Hey, remember in my last post where I wondered what it would be like if the Boogieman were a good guy? I wrote a little something starring the guy. I don’t know if it’s the beginning of a novel, a short story, or just something I wanted to write, but I thought I’d share it here. Hope you enjoy it.
It’s a bit creepy, I hope. Or maybe not. Either way, have a read. And let me know what you think in the comments section.
The Boogieman slid across the room like a snake. Low to the ground. Slithering through the dark. He could’ve been silent as death. Although Death was actually a bit of a chatterbox, but silent as Ecstasy didn’t quite have the same ring to it. But the Boogieman wasn’t silent. He dragged his fingernails against the carpet, making a muted scraping sound. He wheezed, ever-so-slightly. And as he rose to his full height beside the child’s bed, the Boogieman chuckled, long and low.
The kid was not impressed.
It was usually around the age of ten that the kids stopped being frightened of him just because he was something they were supposed to fear. Some kids learned earlier. Some later. But as the Boogieman stared into this kid’s eyes, he saw that familiar disdain, that dismissal of childhood fears of something lurking under the bed, in the back of the closet.
“I’m not afraid of you,” said the boy defiantly.
The Boogieman slouched. The toothy snarl disappeared from his long, gray face. He hated when they grew up.
Emboldened, the child sat up in his bed. “Go away.”
The Boogieman reached out with a long, long slender arm and turned on the bedside lamp. It flooded the room with a soft white light, and he covered his eyes for a moment, grumbling.
“Son of a bitch,” he said. “Excuse my French, kid.”
The boy’s puzzled expression said it all. The Boogieman had seen it before.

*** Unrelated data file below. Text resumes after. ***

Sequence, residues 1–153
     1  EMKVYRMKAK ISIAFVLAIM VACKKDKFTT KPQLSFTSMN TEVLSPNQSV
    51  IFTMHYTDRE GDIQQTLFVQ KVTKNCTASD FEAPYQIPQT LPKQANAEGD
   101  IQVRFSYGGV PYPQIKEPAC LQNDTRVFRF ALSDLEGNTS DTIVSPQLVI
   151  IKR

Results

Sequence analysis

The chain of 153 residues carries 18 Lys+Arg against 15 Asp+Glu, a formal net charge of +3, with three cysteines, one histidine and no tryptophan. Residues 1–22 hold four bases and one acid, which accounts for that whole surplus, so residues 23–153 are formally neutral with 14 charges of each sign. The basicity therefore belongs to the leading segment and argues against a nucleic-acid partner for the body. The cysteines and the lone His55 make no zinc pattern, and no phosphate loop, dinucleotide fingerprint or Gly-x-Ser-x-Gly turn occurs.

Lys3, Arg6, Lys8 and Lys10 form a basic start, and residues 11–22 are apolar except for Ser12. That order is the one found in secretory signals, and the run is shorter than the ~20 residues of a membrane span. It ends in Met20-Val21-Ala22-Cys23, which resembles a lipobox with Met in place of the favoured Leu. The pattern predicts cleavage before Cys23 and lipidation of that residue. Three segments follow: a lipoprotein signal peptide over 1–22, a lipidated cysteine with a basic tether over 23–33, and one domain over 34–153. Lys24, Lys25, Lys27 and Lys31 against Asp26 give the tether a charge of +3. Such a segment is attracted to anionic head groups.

“Oh, yeah, you were expecting me to maybe dissolve away in the light. Maybe something like this?”
He shrieked and writhed, melting into a blackened puddle that slurped its way under the bed.
The boy clutched his blanket tightly and sat their quietly on the bed. He almost called his mom, but he was too big for that now. He had to be brave. He mustered up his courage and peered under the bed.
There was nothing there.
Then from above came that terrible wheeze. The boy fell out of bed, peering up at the shadowy figure clinging to the ceiling.
“Doesn’t work that way, kid. People think that fear is in the dark. But fear is everywhere. If you could banish it by just turning on the lights, this world would be a very different place.”
The Boogieman dripped from the ceiling like a figure made of dirty wax. He reformed on the bed.
“Oh, yeah, and the blanket thing . . . ” His arm whipped out and snatched the covering from the child. “That’s bullshit too.”
“I’m not afraid of you,” said the boy, sounding not entirely convinced.
“Why do you think I give a damn if you’re afraid of me?” asked the Boogieman. “Fear of the Boogieman is not from whence the Boogieman spawned. I’m not like your imaginary friend, kid. I don’t want you to believe in me. I don’t need you to believe in me. I am.”